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The Student News Site of Texas A&M University - College Station

The Battalion

The Student News Site of Texas A&M University - College Station

The Battalion

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Maroon on the Green

Photo by File
Ryan Palmer

SAN ANTONIO — It has been three years since Ryan Palmer’s last Masters appearance, 10 since his first showing, 15 since his graduation from Texas A&M.

And as one of golf’s most prestigious and historic events, The Masters, prepares to start Thursday in Augusta, Georgia, the Aggie said he feels good about his chances.

“I’m excited about Augusta,” said Palmer, who sits No. 23 in the world and will enter The Masters for the first time since 2012. His best of four previous finishes came in 2011, when he tied for 10th. “I haven’t been there the last two years, so I’m looking forward to it — especially the way I’m playing. It sets up good for me, and it’s nice going to majors when you’re playing well.”

His journey hasn’t always been an obvious one. Palmer said the idea of becoming a professional golfer didn’t occur to him until late in high school, and he played a year at the University of North Texas before transferring to A&M.

A&M’s head golf coach at the time, Bob Ellis, said Palmer reached out to him and it was clear he was determined to play for the Aggies.

“At a tournament in Mexico, he showed a strong desire that he wanted to come to Texas A&M,” Ellis said. “Ryan always wanted to be an Aggie. I didn’t recruit him because of the situation that we had on the team. He said, ‘Okay, I still want to come to Texas A&M.’”

Ellis, Palmer and the golf team developed a unique relationship. Ellis joked that Palmer wasn’t the best putter on the team at first.

“We would have putting matches amongst the team and I sometimes, and he was our patsy. ‘Come on Ryan. Come on Ryan. Get over here and putt!’ He couldn’t — he couldn’t beat a drum. He was terrible. I thought he would be a good player,” Ellis said. “There was no question he would be a good player, but to do what he does now, week in and week out, who that person was when we were trying to bring him over to be our patsy, make some money off of him, I don’t know who that person was, he’s entirely different now. He’s someplace, he’s in someplace that no longer exists.”

Palmer earned All-Conference honors all three years at A&M and was the Aggies’ scoring leader for two seasons. He also made the 1997 Big 12 All-Tourney team along with Miguel del Angel. 

Del Angel said he remembers spending time watching The Masters with Palmer in college.

“We would go to Ryan’s house and watch The Masters,” Del Angel said. “It’s kind of surreal having him out there. We used to play some of the golfers out there like Paul Casey, Tiger Woods and Luke Donald. It’s nice to see Ryan on TV.”

Ellis said Palmer is not only known for his skill, but for his sportsmanship and character on and off the course. Palmer created a charity, the Ryan Palmer Foundation, and works to stay involved with the Aggie community.

“Ryan is the type of person that if you can’t get along with him, then you’ve got a problem,” Ellis said. “He was always a joy to be around, a joy to coach. Everything I ever asked him to do, he did. He was always hard working, fun to be around and very talented.”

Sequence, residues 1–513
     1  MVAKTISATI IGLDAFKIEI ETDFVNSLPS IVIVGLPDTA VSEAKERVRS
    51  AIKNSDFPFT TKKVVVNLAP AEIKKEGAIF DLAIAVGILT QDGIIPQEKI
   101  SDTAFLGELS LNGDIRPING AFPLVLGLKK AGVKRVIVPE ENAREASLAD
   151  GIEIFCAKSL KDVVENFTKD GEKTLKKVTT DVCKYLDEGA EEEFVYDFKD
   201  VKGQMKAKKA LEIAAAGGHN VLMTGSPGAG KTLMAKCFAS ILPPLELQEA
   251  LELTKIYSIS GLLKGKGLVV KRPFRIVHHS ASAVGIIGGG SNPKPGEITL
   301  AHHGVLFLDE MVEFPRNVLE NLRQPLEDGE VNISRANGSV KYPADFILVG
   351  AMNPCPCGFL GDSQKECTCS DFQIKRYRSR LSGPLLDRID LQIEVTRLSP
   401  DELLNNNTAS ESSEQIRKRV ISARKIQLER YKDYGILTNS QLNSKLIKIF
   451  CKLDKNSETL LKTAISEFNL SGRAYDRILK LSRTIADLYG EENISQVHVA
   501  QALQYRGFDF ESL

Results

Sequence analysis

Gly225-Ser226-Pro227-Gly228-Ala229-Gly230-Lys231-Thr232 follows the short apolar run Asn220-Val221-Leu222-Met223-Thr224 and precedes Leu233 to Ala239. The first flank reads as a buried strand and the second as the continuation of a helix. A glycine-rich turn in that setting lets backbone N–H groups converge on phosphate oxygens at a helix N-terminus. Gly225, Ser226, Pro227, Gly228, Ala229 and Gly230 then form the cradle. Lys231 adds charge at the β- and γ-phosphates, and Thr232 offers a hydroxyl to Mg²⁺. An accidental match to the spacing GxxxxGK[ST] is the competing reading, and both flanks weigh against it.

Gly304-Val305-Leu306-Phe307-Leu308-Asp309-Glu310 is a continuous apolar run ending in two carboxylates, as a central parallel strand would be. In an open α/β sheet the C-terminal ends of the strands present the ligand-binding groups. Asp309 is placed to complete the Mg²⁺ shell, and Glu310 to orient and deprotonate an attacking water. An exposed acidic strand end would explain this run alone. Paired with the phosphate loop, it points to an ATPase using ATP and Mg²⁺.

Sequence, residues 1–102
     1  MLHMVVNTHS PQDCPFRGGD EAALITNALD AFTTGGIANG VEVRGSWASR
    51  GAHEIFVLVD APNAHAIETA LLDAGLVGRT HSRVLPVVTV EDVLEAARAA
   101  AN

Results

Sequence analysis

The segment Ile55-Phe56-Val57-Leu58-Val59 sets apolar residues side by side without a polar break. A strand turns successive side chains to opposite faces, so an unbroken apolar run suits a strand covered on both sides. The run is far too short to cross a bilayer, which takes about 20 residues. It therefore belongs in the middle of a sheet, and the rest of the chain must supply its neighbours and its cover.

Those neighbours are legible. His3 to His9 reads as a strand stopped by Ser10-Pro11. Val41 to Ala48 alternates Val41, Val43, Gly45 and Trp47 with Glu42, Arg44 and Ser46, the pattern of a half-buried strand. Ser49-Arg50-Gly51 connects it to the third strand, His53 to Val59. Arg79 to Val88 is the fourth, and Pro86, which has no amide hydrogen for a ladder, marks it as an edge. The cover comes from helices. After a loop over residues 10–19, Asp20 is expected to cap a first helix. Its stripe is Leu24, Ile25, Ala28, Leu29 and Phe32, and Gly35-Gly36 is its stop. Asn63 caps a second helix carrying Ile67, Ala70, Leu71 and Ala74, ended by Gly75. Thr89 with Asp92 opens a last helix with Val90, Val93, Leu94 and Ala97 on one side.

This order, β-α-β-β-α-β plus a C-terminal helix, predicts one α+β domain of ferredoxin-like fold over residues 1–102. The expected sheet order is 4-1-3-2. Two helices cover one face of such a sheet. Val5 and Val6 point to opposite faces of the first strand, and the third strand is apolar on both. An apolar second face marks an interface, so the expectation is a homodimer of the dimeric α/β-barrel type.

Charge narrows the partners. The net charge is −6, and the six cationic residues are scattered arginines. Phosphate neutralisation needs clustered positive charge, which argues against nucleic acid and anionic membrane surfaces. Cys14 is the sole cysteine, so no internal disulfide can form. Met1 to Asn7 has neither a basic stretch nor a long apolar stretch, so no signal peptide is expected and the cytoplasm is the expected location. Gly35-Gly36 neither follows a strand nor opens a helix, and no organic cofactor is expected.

After graduating from A&M with a degree in parks and recreation, Palmer turned professional in 2000 and earned his PGA Tour Card in 2003. He has won three tournaments on the PGA Tour — the 2004 FUNAI Classic, the 2008 Ginn sur Mer Classic and the 2010 Sony Open.

Last season was Palmer’s best statistically on the PGA Tour. Despite no tournament wins, he made the cut in 20 of 23 events and finished with 10 top-25s and eight top-10s, which included finishing second at the Humana Challenge and at the Honda Classic.

This season, Palmer is off to a hot start. He has made the top 25 in seven of eight tournaments and has tallied three top-10s, including a tie for second at the Waste Management Phoenix Open.

Palmer credits his recent run of success to changes in his game.

“I’ve gotten better physically with the workouts I’ve been doing,” Palmer said. “I hit a lot more fairways and a lot more greens. When I’m putting well is when I’m having my good events and my good weeks. The combination of driving the ball well and putting the ball well [has] helped [me the] last few years.”

Although Palmer has graduated, he still spends time in Aggieland with his wife, Jennifer, who graduated from A&M with a biomedical sciences degree.

“I try to go to as many football games as I can, that’s for sure, and I keep up with the guys on the golf team and JT,” Palmer said.

Palmer has earned $18,318,471 since 2004. However, he said it’s not about the money. 

“I never look at the money side of it or what I have monetary wise,” Palmer said. “At this point in my career, it’s just a matter of competing, trying to be the best in the world and winning golf tournaments.”

Palmer will tee off at 11:42 a.m. and is paired with three-time major winner Irish golfer Padraig Harrington and Danish golfer Thomas Bjorn.

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